Getting a Diagnosis

The protruding shoulder blades are easy to recognize and this is something you should notice by yourself. Your doctor will confirm that your shoulder blades are not properly supported by having you sit straight or stand against a wall.

You can do a few things to determine which muscle is affected. If your serratus anterior is damaged, your shoulder blades will protrude when you push your palms against a wall. You won’t be able to rotate your shoulder blades if your trapezius muscle is damaged and won’t be able to contract your shoulder blades if the problem comes from your rhomboids.

Your doctor will ask you to perform different motions to determine which muscles or nerves are affected. X-rays will be needed to diagnose a broken clavicle, and your doctor might schedule an MRI scan to see which muscle tissues or nerves have been damaged.

In most cases, talking about recent injuries or falls and about your activities will be enough for your doctor to properly diagnose you.

How Are Protruding Shoulder Blades Treated?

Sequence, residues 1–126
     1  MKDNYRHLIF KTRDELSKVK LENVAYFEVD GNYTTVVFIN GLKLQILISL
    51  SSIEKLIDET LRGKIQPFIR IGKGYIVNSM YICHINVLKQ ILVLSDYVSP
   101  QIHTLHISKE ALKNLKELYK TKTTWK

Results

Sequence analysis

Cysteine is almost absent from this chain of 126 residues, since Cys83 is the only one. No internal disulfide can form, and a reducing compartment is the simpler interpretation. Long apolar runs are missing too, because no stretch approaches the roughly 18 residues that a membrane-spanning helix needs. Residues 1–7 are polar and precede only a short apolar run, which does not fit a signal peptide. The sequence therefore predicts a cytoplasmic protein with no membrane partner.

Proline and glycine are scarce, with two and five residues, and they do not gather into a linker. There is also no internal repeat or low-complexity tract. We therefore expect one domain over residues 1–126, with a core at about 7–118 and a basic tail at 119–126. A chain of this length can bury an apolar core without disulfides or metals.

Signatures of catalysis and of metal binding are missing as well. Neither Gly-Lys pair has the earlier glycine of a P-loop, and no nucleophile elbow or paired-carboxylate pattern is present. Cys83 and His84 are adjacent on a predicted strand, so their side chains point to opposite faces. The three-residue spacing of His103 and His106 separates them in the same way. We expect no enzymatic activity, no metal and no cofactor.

Correcting your shoulder blade posture takes time. Your damaged muscles or nerves will need time to heal and you will need to work on strengthening the muscles that support your shoulder blades. Ideally, you should stop all physical activities until this problem is corrected.

Manage Your Shoulder Pain

If you experience pain, tenderness, or weakness in your shoulders, avoid putting any strain on the affected muscles. Be mindful of your posture and get as much rest as you can.

Cold treatments and Ibuprofen can help with inflamed muscle tissue. Apply the cold treatments on the muscles that have been damaged and not on the shoulder blades themselves.

Correct Your Posture

Your shoulder blades will protrude until you strengthen the muscles that support these bones. However, you shouldn’t work on these muscles until you are completely healed if you tore a muscle.